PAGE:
751 LinkedIn connections.
1,443 Twitter followers.
410 Facebook friends.
Those are my stats as of this morning. Trust me, I know there are countless people whose numbers make mine sound limp. And trust me again, I know the numbers don’t mean much for anybody if the connections aren’t real.
Collecting followers, fans and friends is an ultimately fruitless hobby unless something substantive happens after the point of “accept” or “approve”—or unless something substantive had already happened before the request was made. Even as my numbers organically grow in my social networks, the most valuable online relationships are the extensions of real-life, three-dimensional, old-fashioned human contact.
As social media has taken hold in the business world, there’ve been those voices touting its use as a panacea for small business sales and marketing. Of course, those voices typically follow their definitive proclamations with “act now” offers for webcasts, seminars or the like. Fact is, social media is an amazing tool, but it’s not fairy dust. Just like everything else, it takes strategy, hard work, skill and savvy to be effective. There’s no secret formula for this stuff. No matter how much we log on and rack up online connections, if we’re not making one-to-one connections with other people in substantive ways, it’s all for naught.
No matter all the social media, it still matters how quickly—and kindly and effectively—you respond to customer requests and concerns. It still matters that you are in direct touch with what’s going on with your clients, hearing straight from them and nurturing the relationships established long before anybody had a LinkedIn or Twitter account.
Here’s an example… I’m a Comcast customer for wireless Internet service, and as a work-from-home professional, I rely on that connection for just about everything I do. When a felled tree took down our line and thusly our service, I scheduled the repair with Comcast, and waited patiently during the lovely three hour block of time in which they’d promised to arrive. As the minutes ticked down, I grew wearier and tweeted my frustration.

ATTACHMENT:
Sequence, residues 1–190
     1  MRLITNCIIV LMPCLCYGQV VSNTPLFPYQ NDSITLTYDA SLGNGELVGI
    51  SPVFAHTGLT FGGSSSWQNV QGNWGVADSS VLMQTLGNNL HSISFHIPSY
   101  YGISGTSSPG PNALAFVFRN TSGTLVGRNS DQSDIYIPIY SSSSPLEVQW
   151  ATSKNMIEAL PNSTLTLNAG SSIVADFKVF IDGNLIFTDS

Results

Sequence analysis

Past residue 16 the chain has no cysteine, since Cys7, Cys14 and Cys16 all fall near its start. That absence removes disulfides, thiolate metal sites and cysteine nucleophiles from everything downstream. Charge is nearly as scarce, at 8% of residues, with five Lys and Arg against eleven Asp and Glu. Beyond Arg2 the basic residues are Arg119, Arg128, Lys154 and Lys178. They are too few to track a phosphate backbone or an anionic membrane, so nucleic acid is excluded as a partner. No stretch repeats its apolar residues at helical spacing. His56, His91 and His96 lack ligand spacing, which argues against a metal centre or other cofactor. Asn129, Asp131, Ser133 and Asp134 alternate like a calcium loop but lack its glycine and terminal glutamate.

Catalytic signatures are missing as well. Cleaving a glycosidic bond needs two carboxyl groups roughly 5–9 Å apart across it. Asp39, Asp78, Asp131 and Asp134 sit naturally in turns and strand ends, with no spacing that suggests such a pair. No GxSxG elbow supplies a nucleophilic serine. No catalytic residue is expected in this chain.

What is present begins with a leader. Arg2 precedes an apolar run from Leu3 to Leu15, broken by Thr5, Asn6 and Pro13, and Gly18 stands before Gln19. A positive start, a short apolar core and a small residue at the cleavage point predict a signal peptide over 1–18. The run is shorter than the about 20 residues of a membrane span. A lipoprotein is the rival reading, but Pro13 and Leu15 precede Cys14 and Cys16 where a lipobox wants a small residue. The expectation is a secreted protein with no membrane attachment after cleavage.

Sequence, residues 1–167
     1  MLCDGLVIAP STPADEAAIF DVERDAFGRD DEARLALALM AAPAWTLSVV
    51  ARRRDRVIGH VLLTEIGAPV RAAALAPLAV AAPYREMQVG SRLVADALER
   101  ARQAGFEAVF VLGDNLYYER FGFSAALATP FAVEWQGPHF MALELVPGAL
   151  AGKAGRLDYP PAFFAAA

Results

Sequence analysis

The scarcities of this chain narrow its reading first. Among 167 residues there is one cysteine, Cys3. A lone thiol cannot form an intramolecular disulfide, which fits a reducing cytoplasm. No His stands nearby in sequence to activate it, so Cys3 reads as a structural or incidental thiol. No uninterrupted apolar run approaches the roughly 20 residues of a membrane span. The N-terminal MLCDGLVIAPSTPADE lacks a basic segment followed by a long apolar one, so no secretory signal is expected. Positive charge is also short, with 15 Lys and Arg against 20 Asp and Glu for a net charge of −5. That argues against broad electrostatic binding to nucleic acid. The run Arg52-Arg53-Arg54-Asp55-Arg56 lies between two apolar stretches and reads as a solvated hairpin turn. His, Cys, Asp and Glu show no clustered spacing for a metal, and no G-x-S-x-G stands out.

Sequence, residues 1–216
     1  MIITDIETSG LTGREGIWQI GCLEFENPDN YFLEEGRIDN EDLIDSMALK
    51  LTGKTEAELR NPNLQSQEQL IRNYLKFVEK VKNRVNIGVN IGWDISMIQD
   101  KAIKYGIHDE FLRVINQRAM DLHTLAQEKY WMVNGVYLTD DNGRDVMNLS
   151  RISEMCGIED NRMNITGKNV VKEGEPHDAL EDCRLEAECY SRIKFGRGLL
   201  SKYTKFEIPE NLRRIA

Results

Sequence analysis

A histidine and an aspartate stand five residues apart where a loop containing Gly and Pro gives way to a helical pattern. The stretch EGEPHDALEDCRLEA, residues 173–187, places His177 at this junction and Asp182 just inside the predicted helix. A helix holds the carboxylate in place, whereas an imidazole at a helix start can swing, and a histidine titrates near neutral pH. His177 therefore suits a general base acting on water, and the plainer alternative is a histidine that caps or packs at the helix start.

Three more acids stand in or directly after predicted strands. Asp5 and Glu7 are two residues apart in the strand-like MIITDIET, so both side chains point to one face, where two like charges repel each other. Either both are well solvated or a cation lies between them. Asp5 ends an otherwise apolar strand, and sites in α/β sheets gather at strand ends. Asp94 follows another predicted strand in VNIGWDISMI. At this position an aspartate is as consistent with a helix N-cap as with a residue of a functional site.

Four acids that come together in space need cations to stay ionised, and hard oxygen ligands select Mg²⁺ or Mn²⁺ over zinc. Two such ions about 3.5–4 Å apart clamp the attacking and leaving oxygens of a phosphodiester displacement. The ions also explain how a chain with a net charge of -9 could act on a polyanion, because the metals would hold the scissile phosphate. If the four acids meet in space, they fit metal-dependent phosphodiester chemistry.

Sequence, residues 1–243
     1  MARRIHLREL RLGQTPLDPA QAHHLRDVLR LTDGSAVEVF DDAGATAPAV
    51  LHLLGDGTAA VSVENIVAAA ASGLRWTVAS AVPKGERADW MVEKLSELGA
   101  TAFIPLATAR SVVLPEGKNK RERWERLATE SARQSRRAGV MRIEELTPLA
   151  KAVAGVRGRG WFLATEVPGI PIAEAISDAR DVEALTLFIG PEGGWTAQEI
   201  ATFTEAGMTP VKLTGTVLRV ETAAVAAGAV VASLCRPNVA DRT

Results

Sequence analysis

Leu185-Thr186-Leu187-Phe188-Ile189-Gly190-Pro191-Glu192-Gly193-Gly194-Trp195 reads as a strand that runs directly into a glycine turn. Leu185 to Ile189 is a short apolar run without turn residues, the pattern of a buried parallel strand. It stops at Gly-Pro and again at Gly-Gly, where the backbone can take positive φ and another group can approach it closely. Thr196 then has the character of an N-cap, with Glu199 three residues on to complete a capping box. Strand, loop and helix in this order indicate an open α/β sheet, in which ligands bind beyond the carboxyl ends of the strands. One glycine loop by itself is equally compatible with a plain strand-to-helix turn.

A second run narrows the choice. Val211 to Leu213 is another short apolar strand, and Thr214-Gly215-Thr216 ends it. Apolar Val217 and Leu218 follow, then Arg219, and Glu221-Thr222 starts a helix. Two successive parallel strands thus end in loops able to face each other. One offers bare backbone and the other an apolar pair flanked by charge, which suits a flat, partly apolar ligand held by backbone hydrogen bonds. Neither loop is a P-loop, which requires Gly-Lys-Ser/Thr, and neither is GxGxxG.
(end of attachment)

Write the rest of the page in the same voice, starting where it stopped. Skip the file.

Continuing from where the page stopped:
In no time, I had direct messages from a couple of Comcast’s Twitter watchers, stating they could help, etc. Yet still I waited for the service technician to come reestablish the line. When the fellow finally arrived—well out of the prescribed time window—he explained in very human terms that “there’s only one of him” and that one of him had a very full day. In spite of the immediate response of the Twitter brigade, it was only the feet on the street that mattered.
And frankly, I much more appreciated the realness of the on site technician, than the false hope of a couple Tweets from unseen people I’ll never meet. That technician has since been out to the house to remedy another issue, and we have had positive interaction that represents Comcast well.
My point? (and I do have one…)
Yes, social media is real. Undeniably real. It has an ever-evolving, ever-growing role in the business world, and business people are well-advised to embrace it and determine the best ways to incorporate it into their overall strategies. However, it’s essential to maintain interpersonal contact—great service and solutions, face-to-face meetings, phone calls, personal correspondence—to forge the kind of relationships that will sustain for the long term, through the ups and downs, over time.
I just checked my email; I’ve got three new LinkedIn connection requests: #752, #753, #754. But that won’t mean much if I never relate one on one.